Acute exposure to blue wavelength light during memory consolidation improves verbal memory performance
AffiliationUniv Arizona, Coll Med, Dept Psychiat
MetadataShow full item record
PublisherPUBLIC LIBRARY SCIENCE
CitationAcute exposure to blue wavelength light during memory consolidation improves verbal memory performance 2017, 12 (9):e0184884 PLOS ONE
Rights© 2017 Alkozei et al. This is an open access article distributed under the terms of the Creative Commons Attribution License.
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AbstractAcute exposure to light within the blue wavelengths has been shown to enhance alertness and vigilance, and lead to improved speed on reaction time tasks, possibly due to activation of the noradrenergic system. It remains unclear, however, whether the effects of blue light extend beyond simple alertness processes to also enhance other aspects of cognition, such as memory performance. The aim of this study was to investigate the effects of a thirty minute pulse of blue light versus placebo (amber light) exposure in healthy normally rested individuals in the morning during verbal memory consolidation (i.e., 1.5 hours after memory acquisition) using an abbreviated version of the California Verbal Learning Test (CVLT-II). At delayed recall, individuals who received blue light (n = 12) during the consolidation period showed significantly better long-delay verbal recall than individuals who received amber light exposure (n = 18), while controlling for the effects of general intelligence, depressive symptoms and habitual wake time. These findings extend previous work demonstrating the effect of blue light on brain activation and alertness to further demonstrate its effectiveness at facilitating better memory consolidation and subsequent retention of verbal material. Although preliminary, these findings point to a potential application of blue wavelength light to optimize memory performance in healthy populations. It remains to be determined whether blue light exposure may also enhance performance in clinical populations with memory deficits.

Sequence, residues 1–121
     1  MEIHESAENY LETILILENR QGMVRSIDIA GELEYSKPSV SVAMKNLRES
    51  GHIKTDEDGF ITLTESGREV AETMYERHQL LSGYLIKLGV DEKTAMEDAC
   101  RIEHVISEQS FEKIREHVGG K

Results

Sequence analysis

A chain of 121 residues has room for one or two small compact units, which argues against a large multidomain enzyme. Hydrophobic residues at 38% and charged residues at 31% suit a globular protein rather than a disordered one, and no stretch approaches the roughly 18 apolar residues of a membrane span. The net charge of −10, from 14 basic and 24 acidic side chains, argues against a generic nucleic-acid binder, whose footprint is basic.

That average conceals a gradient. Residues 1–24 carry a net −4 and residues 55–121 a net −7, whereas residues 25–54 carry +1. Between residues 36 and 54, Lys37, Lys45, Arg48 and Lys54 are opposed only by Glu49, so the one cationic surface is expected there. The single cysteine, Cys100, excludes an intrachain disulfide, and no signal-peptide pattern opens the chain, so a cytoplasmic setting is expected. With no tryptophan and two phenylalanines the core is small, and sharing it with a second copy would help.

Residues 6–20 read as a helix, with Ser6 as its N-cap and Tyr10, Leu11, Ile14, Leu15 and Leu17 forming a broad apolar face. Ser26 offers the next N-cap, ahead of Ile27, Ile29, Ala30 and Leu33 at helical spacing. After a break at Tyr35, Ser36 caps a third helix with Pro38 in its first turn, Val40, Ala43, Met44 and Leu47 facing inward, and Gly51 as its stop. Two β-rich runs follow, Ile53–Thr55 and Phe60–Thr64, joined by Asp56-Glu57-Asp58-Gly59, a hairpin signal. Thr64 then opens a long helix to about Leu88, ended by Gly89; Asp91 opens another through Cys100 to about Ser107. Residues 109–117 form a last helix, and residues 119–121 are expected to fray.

NoteOpen access journal.
VersionFinal published version
SponsorsU.S. Army US Army MOMRP Grant [W81XWH-11-1-0056]; Arizona Health Education Centers (AHEC) Research Grant
Except where otherwise noted, this item's license is described as © 2017 Alkozei et al. This is an open access article distributed under the terms of the Creative Commons Attribution License.